Market Commentary

The Repo men

The Repo men

In the context of financial markets, Repo’s refer not to repossessions but repurchase agreements. This is the process whereby banks who are (temporarily) short of money can borrow from those who have excess cash so that they stay within their legally required reserve requirements. Generally, the interest rates charged are that of the prevailing Fed funds rate, which s currently in a range of 1.75-2%.

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Beached

Beached

Equities can be seen as a “call option”on the future growth of a company; once the liabilities due to bondholders are paid, the surplus accrues to shareholders in the form of dividends/share buybacks, etc. or are re-invested to generate future growth in the firm. At least, this is what happens most of the time, but every now and then, things go awry, a company fails and the “call option” expires worthless. It is not a common occurrence, but when it does happen, the shareholders tend to lose everything.

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China's Banking System on the Edge?

China’s Banking System on the Edge?

“If you gaze long enough into an abyss, the abyss will gaze back into you” – Friedrich Nietzsche. Amidst the sound and fury of trade war rhetoric, there are signs of problems in the banking system in China. In the last 3 months, there has been a spate of previously unknown events there – bank defaults. This week’s news of a delay in the implementation of (some of) the US tariffs on Chinese goods led to an immediate spike higher in shares (and lower in bonds) but has not changed the situation that has plagued the Chinese banks.

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Yield Curve Hysteria

Yield Curve Hysteria

“Whatever hysteria exists is inflamed by mystery, suspicion and secrecy. Hard and exact facts will cool it”- Elia Kazan (Broadway and Hollywood Director). We last wrote about the US Yield Curve at the end of March this year, but since then, speculation about it appears to have run rampant. Markets now seem certain of a recession, with timing the only bone of contention. As a consequence, the world is now awash in bonds that have negative yields, ($16.7 trillion, as per Bloomberg chart below), meaning that investors are paying issuers to own their bonds. On the face of it, this makes absolutely no economic sense whatsoever. As of early August, European government bond yields were deep in negative territory, with UK Gilts not too far behind. This week, (16/08) 10-year Gilts were yielding the princely sum of 0.45% per year.

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Gold - A Barbarous Relic?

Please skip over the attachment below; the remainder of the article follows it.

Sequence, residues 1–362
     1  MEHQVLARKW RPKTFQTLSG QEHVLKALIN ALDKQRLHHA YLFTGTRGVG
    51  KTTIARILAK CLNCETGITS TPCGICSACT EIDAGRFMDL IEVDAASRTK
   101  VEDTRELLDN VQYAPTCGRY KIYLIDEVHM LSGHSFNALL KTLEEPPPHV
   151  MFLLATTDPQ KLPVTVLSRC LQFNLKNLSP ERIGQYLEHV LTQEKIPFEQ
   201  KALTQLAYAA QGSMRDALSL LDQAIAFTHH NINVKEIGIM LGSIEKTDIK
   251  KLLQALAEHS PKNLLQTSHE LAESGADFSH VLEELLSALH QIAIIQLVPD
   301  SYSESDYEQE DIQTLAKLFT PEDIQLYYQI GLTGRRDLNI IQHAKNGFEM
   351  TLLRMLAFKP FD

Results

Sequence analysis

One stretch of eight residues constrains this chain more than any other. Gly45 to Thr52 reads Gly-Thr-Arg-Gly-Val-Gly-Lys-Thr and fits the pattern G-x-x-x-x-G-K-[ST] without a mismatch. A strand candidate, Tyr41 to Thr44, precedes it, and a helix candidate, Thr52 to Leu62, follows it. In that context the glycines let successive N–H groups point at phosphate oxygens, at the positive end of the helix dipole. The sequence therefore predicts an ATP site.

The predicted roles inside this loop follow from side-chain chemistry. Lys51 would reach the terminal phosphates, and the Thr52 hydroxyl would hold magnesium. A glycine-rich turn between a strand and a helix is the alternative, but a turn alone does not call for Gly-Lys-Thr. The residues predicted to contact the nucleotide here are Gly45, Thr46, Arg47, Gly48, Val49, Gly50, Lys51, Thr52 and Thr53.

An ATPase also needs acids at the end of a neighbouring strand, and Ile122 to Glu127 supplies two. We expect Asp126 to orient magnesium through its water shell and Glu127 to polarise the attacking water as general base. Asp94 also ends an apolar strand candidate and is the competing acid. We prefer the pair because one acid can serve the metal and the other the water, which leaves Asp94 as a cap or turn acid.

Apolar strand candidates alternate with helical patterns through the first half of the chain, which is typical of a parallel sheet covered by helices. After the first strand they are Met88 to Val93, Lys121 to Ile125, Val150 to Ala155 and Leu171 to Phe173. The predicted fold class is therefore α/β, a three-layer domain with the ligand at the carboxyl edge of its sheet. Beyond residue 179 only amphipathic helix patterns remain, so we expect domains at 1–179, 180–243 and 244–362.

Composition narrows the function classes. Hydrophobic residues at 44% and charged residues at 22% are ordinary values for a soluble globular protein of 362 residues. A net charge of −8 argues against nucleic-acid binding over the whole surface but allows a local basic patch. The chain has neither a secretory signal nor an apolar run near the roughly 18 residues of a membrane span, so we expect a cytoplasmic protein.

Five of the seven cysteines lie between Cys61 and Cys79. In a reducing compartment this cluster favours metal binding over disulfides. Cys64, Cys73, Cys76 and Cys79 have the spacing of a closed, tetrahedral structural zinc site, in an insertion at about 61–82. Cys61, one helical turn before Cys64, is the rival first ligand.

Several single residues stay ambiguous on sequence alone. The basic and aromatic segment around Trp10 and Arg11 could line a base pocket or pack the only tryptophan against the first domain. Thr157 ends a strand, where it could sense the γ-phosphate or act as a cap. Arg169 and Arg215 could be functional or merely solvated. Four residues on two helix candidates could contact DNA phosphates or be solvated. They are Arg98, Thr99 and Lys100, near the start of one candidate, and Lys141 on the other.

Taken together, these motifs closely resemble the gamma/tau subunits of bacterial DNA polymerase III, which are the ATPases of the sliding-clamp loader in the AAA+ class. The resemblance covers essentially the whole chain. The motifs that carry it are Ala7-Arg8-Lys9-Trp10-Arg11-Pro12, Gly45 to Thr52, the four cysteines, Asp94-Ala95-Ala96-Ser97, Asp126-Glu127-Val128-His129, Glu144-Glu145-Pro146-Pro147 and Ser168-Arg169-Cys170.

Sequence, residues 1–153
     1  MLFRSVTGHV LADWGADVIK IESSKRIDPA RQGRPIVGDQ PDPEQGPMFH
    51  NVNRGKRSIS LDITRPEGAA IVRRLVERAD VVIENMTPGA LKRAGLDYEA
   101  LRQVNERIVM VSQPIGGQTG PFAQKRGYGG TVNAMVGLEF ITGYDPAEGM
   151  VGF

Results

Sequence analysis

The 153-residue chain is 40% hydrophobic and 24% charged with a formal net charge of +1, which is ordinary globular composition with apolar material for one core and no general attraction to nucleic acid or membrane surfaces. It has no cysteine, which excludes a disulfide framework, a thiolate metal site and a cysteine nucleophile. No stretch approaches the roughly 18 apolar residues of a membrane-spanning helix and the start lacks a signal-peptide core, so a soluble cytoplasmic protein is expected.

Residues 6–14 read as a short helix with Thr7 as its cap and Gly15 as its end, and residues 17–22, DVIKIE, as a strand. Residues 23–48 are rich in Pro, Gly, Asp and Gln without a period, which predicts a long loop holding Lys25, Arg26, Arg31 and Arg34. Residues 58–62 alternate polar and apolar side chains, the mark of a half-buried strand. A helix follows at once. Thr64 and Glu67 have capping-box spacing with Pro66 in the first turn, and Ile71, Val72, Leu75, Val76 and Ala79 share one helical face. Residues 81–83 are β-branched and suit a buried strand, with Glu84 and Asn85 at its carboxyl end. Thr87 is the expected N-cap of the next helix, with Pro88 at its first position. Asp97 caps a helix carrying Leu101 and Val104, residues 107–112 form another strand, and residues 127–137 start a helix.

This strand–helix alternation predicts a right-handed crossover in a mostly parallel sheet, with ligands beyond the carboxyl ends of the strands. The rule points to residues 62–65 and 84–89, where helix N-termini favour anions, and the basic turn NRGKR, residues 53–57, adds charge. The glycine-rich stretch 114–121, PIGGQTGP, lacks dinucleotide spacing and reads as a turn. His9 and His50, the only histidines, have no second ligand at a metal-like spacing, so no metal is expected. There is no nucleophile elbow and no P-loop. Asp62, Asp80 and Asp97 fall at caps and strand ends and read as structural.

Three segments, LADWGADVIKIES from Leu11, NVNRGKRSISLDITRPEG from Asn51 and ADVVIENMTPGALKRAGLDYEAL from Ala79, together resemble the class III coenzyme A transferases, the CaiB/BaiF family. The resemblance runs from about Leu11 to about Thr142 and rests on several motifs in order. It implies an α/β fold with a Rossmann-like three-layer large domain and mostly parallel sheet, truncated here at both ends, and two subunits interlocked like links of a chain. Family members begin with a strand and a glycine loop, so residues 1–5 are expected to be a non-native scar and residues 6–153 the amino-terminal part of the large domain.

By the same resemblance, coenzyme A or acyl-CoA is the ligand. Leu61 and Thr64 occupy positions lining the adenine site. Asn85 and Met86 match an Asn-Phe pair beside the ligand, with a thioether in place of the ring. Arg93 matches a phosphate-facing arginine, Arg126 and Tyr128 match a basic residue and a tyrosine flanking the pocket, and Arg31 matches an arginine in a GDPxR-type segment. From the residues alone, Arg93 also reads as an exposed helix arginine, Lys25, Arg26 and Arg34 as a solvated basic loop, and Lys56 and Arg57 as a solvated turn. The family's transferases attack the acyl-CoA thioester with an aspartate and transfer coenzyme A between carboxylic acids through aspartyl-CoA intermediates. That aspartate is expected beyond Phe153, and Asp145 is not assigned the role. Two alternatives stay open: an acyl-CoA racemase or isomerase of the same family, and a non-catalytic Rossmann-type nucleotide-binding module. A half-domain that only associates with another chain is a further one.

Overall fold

Gold – A Barbarous Relic?

The phrase above dates back from John Maynard Keynes’ book, “A Tract on Monetary Reform” written in 1923. Since then, debate has turned on whether Gold is a store of value or just another commodity. Until recently, however, the debate looked settled; the price has spent nearly a decade going down from a high above $2,000 to around $1,100 in December 2015. Still, the “Gold bugs” kept the faith, continuing to warn of impending disaster (notwithstanding the failure of those disasters to actually happen). In the last few weeks, it appears that they may be getting their day in the sun. Last year, it was among the better performers, losing only around 2% in US Dollar terms and it’s up nearly 10% so far in 2019 – many investors are now starting to re-assess their views. Analysts are getting bullish, as indeed are Ce…

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Curiouser and Curiouser... and Curiouser

Curiouser and Curiouser… and Curiouser

Angels on the sideline,Baffled and confused.Father blessed them all with reason,And this is what they choose? – Right in Two (Tool). At the end of January 2018, we highlighted how a number of seemingly contradictory things were happening in US asset markets; shortly thereafter the Dow Jones Index fell around 13% peak to trough in the space of just 5 trading days. We appear to back in twilight zone mode once again – in the last week, both the Dow and the S&P 500 have achieved major Index milestones (27000 and 3000 respectively) and are already heading towards the next “psychological” levels at what appears to be escape velocity.

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Currency Wars Breaking Out?

Currency Wars Breaking Out?

“Currency Manipulation is what Bertrand Russell called an “emotive conjugation” and Bernard Woolley called an “irregular verb”:* I am cutting interest rates* You are trying to achieve a competitive devaluation* He/she/it is manipulating their currency to obtain an unfair advantage”. – John Kemp (Analyst)

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Markets refuse to fall

Markets refuse to fall

“If there must be madness, something may be said for having it on a heroic scale” – J.K Galbraith (The Great Crash of 1929). There has been plenty of negative news over the last few months and an even bigger list of issues over the last year or so, but (US) markets appear blithely unconcerned; despite the litany of calls for a decline, (or a crash), nothing appears to dent sentiment and the buying continues.

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